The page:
The condition of 45-year-old Sudan was said to have worsened rapidly in the last 24 hours, according to a statement from the Ol Pejeta Conservancy in central Kenya on Tuesday.
Sudan was “being treated for age-related complications that led to degenerative changes in muscles and bones combined with extensive skin wounds.”
Veterinary experts took the decision to euthanize the animal, which by then was unable to stand, on Monday.
Sudan’s death means that only two females of the subspecies remain — his daughter Najin, and granddaughter Fatu. Both live at Ol Peteja.
Sudan had only lived so long because he was kept under round-the-clock armed protection from poachers, the charity Helping Rhinos said on its website. Rhinos are poached primarily for their horns, which are sawn from the heads of dead or fatally injured animals. They are used in traditional Chinese medicine and for dagger handles in Yemen.
“Sudan’s death is one we should wish for all rhinos — a natural death and not one resulting from a bloody mess of a face where his horn once stood so proudly,” said Helping Rhinos, which also posted a video tribute.
Given his status as the last male of his kind, Sudan had become something of a celebrity, being listed last year on the Tinder dating app as “The Most Eligible Bachelor in the world.”
“He was a great ambassador for his species and will be remembered for the work he did to raise awareness globally of the plight facing not only rhinos, but also the many thousands of other species facing extinction as a result of unsustainable human activity,” said Ol Pejeta CEO Richard Vigne. “One day, his demise will hopefully be seen as a seminal moment for conservationists worldwide.”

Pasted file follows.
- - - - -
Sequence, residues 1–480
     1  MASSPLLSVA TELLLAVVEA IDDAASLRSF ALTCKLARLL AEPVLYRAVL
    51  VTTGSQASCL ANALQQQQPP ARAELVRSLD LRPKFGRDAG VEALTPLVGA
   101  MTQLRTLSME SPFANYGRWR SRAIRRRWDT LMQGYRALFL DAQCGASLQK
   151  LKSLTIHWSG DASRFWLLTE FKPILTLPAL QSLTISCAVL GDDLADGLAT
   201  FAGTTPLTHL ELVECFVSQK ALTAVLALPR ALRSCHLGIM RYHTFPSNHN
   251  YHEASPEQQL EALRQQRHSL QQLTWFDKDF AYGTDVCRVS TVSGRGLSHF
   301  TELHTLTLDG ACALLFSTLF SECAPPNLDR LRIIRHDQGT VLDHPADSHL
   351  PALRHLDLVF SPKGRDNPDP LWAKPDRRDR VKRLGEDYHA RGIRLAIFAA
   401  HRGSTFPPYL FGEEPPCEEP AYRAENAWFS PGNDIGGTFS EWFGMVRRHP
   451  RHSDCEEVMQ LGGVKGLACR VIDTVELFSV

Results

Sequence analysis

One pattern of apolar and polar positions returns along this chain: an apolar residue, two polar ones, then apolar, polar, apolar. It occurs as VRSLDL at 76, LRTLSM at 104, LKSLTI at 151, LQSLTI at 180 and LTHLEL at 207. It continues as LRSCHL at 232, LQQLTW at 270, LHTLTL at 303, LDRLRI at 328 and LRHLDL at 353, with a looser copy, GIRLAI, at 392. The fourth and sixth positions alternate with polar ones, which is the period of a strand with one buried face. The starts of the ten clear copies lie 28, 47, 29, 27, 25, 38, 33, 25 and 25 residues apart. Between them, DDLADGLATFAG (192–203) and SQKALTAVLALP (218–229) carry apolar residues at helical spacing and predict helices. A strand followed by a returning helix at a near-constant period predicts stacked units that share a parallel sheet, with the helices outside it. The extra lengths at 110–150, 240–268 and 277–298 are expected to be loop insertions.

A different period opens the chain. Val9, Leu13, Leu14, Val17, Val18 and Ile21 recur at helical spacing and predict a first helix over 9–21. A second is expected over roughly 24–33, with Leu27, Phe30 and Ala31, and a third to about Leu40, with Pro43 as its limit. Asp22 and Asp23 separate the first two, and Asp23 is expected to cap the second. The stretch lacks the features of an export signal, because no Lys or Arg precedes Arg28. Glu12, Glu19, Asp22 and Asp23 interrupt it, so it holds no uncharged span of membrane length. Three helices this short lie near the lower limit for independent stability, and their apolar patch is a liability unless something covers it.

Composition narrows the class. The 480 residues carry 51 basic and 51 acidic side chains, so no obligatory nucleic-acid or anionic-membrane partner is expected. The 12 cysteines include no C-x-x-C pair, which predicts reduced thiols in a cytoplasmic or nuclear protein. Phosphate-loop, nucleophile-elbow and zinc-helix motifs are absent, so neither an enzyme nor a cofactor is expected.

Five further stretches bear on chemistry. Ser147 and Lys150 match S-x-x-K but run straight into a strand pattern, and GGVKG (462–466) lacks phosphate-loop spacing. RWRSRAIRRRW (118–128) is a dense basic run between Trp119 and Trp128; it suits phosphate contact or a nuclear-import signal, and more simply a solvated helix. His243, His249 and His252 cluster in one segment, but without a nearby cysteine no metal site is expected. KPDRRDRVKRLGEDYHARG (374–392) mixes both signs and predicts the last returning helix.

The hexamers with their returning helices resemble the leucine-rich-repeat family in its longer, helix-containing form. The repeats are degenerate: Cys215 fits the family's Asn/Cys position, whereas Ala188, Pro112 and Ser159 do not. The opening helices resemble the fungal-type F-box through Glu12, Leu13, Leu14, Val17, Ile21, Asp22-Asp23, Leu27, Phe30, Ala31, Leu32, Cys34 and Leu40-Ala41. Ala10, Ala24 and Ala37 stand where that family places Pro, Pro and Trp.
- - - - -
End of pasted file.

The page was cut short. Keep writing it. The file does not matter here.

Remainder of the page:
Sudan had “significantly contributed to the survival of his species as he sired two females,” the conservancy said. In addition, genetic material was collected before his death, providing hope that advanced cellular technologies might be used to further the species.
Such a development would involve in-vitro fertilizationusing eggs from the two remaining females, stored northern white rhino semen from Sudan and other males, and surrogate southern white rhino females.
A poaching crisis in the 1970s and 1980s wiped out northern white rhino populations in Uganda, the Central African Republic, Sudan and Chad. The last wild population was in the Democratic Republic of Congo, but that succumbed to fighting in the region in the 1990s and early 2000s.
Sudan and other northern white rhino escaped poaching by being moved to the Dvur Kralove Zoo in what was then Czechoslovakia in the 1970s. They were moved back to Africa in 2009, in the hope that the move would give them more favorable breeding conditions.